Rock and roll legend Tom Petty is photographed in the studio of his L.A. area home.(Jay L. Clendenin / Los Angeles Times)
Before he created the Heartbreakers, Tom Petty played in the band Mudcrutch. From left are Mudcrutch members Mike Campbell, Petty, Tom Leadon and Randall Marsh in December 1974.( Jim McCrary / Redferns / Getty)
Tom Petty performs at the Inglewood Forum on Jan. 20, 1980.(George Rose / Los Angeles Times)
Tom Petty tries to get the crowd involved at a November 1979 performance in New York.(George Rose / Los Angeles Times)
Tom Petty performs with Stevie Nicks, left, at the Forum in 1981.(Gary Friedman / Los Angeles Time)
Tom Petty plays in Santa Monica on June 7, 1978.(Marianna Diamos / Los Angeles Times)
Tom Petty at his home on April 28, 1985.(Iris Schneider/Los Angeles Times)
Tom Petty on stage for a soundcheck in Burbank during a May 1987 tour.(Ellen Jascol / Los Angeles Times)
Tom Petty in concert in July 1979 in Santa Cruz.(George Rose / Los Angeles Times)
Tom Petty at a Santa Cruz concert in July 1979.(George Rose / Los Angeles Times)
Tom Petty and the Heartbreakers in Irvine on Aug. 14, 2005.(Karl Walter / Getty Images)
Tom Petty at a 1977 concert.(Los Angeles Times)
Tom Petty holds up the key to the city of Gainesville, Fla., he received from Mayor Pegeen Hanrahan in 2006. From left are drummer Steve Ferrone, guitarist Scott Thurston, Petty and bassist Ron Blair.(Tracy Wilcox / Associated Press)
Tom Petty is interviewed in 1996.(Bob Carey / Los Angeles Times)
Tom Petty on April 26, 1977.(Los Angeles Times)
Tom Petty, third from the left, touches the star he and his band, the Heartbreakers received on the Hollywood Walk of Fame on April 28, 1999.(Vince Bucci / AFP/Getty Images / )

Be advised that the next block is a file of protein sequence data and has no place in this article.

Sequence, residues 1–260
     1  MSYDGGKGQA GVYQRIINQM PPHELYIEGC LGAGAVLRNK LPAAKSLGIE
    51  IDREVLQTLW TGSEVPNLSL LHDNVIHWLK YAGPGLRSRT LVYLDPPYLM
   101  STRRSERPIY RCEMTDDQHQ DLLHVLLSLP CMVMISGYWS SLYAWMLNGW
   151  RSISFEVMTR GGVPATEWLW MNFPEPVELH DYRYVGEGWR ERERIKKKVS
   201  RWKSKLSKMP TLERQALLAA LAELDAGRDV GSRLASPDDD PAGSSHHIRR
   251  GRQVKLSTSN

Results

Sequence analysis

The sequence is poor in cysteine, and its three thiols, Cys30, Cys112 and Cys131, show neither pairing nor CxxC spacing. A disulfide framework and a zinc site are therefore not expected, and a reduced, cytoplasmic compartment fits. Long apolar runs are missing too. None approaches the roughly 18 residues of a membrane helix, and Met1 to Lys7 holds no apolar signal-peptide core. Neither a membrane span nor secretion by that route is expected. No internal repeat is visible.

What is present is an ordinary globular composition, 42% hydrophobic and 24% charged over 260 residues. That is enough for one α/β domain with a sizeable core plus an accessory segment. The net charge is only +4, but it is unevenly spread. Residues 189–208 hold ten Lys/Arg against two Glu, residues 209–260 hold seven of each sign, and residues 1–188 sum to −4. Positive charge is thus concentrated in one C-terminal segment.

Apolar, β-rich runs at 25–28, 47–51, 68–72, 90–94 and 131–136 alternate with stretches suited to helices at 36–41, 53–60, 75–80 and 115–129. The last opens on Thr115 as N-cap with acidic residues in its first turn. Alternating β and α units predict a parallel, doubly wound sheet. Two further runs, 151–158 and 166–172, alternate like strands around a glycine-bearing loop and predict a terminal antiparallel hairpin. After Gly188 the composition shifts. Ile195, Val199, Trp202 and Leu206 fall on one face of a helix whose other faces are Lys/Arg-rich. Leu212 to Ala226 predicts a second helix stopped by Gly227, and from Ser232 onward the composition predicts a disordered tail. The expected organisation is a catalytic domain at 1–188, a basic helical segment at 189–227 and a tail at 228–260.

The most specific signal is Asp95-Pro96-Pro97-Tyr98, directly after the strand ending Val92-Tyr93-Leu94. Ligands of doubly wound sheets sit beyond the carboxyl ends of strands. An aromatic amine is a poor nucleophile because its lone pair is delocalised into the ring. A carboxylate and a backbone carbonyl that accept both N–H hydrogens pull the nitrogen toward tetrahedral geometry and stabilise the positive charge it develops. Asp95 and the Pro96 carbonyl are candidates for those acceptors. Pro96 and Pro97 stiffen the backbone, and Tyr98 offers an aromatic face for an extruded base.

Tom Petty, second from right, also played in the short-lived supergroup the Traveling Wilburys. Clockwise from top left, are Jeff Lynne, Petty, George Harrison, Bob Dylan and Roy Orbison in 1988.(Neal Preston / Wilbury Records)
Tom Petty performs during a sold-out concert at the Inglewood Forum on Jan. 20, 1980.(George Rose / Los Angeles Times)
Tom Petty performs in Copenhagen in September 1987.(Jan Persson / Redferns / Getty Images)
Mike Campbell, left, Tom Petty, Stan Lynch, Benmont Tench and Howie Epstein of Tom Petty and the Heartbreakers on Nov. 28, 1993.(Caroline Greyshock / Los Angeles Times)
From left, Tom Petty, Johnny Cash, producer Rick Rubin and Marty Stuart work in a recording studio in Van Nuys in 1996.(Kevin Estrada / Retna )
Tom Petty and the Heartbreakers perform at Pine Knob Music Theater in Clarkston, Mich., on June 18, 1999.(Paul Warner / Associated Press)
Tom Petty and the Heartbreakers perform at the SFX Verizon Wireless Amphitheater in San Antonio on May 19, 2001.(Tom Reel / San Antonio Express-News / Associated Press)